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17th Jul 2018

Media Release: Independent integrity body needed for Australian Sport

Independent integrity body needed for Australian Sport

Australia’s sports leaders have called for an independent national sport integrity body as a solution to the growing number of issues of integrity facing Australian sport.
 
Speaking at the National Sport Integrity Forum in Melbourne tonight, Australian Sports Commission chief executive officer Kate Palmer said sports weren’t adequately equipped to deal with the torrent of integrity issues they are facing.
 
With a national sport integrity review soon to be released, Palmer said the recent basketball incident in the Philippines was a good example of the pressures placed on national sporting organisations to deal with complex issues in a very short time frame.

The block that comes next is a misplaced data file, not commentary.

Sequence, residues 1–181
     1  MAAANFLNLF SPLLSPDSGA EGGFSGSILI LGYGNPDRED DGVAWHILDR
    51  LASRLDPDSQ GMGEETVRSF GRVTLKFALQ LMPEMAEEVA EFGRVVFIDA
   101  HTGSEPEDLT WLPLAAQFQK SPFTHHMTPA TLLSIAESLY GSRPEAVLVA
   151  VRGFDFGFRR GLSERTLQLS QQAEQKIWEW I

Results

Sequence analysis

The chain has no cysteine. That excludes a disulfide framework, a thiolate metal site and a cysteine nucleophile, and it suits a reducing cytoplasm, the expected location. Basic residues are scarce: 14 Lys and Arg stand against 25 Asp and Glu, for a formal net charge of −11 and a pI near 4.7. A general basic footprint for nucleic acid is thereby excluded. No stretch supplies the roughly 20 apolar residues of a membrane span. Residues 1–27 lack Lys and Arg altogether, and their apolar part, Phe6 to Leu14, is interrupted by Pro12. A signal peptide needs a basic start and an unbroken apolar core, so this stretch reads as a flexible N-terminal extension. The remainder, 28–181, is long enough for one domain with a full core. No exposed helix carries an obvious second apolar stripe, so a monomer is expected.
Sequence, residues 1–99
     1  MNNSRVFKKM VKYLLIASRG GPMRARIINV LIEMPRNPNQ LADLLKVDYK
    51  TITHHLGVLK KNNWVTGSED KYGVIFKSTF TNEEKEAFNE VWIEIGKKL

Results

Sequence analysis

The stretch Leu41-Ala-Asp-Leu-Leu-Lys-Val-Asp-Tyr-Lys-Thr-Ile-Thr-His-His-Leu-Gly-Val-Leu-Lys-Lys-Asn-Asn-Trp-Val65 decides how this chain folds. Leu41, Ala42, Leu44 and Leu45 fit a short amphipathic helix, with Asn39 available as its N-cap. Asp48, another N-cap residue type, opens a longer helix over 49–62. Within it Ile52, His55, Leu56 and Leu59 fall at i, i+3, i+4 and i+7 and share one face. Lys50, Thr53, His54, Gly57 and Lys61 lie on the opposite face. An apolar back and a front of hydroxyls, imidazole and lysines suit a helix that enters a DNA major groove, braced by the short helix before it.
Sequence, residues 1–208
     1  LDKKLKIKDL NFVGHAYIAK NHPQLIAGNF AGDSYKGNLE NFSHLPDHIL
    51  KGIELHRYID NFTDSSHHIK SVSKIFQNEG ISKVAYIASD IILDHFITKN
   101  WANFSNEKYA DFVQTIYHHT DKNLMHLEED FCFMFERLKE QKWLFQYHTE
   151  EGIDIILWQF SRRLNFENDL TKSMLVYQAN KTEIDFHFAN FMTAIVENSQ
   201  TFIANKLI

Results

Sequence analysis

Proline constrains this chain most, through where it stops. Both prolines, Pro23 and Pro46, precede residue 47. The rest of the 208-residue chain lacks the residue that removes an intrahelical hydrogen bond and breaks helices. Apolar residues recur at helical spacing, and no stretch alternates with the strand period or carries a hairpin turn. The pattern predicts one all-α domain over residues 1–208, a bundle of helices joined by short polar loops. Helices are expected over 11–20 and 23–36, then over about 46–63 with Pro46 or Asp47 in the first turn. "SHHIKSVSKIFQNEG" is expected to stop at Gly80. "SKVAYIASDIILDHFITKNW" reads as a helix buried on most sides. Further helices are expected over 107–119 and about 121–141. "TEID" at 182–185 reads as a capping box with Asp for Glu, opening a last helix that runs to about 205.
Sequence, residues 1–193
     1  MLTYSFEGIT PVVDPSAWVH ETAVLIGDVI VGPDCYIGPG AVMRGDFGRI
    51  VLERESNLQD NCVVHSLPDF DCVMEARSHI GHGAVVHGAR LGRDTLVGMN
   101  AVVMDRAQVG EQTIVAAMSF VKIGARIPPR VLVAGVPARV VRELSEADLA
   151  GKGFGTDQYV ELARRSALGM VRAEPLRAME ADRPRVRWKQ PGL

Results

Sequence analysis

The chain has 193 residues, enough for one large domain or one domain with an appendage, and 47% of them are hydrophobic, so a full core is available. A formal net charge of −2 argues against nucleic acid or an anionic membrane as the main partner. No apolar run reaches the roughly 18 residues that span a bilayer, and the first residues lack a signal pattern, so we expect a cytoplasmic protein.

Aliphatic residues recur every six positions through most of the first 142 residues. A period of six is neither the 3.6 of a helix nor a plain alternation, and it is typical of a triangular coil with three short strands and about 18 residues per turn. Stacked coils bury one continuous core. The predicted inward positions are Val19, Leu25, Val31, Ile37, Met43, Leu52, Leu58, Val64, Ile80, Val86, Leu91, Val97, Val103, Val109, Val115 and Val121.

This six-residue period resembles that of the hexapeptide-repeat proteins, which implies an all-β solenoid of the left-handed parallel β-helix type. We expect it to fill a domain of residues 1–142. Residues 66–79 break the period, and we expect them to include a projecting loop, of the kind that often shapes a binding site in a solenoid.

“We are just not equipped and that’s something that I’m hoping the integrity review has dealt with when it was a major issue that we raised,” Palmer told the forum.
 
“We’re facing significant integrity issues across a range of areas and we are just not going to cope, we’re going to be hit and hit hard and I want to be encouraging every director here if integrity is not a standing agenda item on your board agenda then it should go on now,” Palmer added.
 
"The issue is…most sports in this country are not able, they don’t have the capability or resources to deal with integrity issues. Even the most basic integrity issues. So how are we as a system going to support them because most national sport organisations have very few resources, we fund them for high performance and participation we may give them some capability funding, but in principle the top sports in this country are on the whole funded by the government, so how are we as a system going to make sure that we provide support to those national sport organisations?”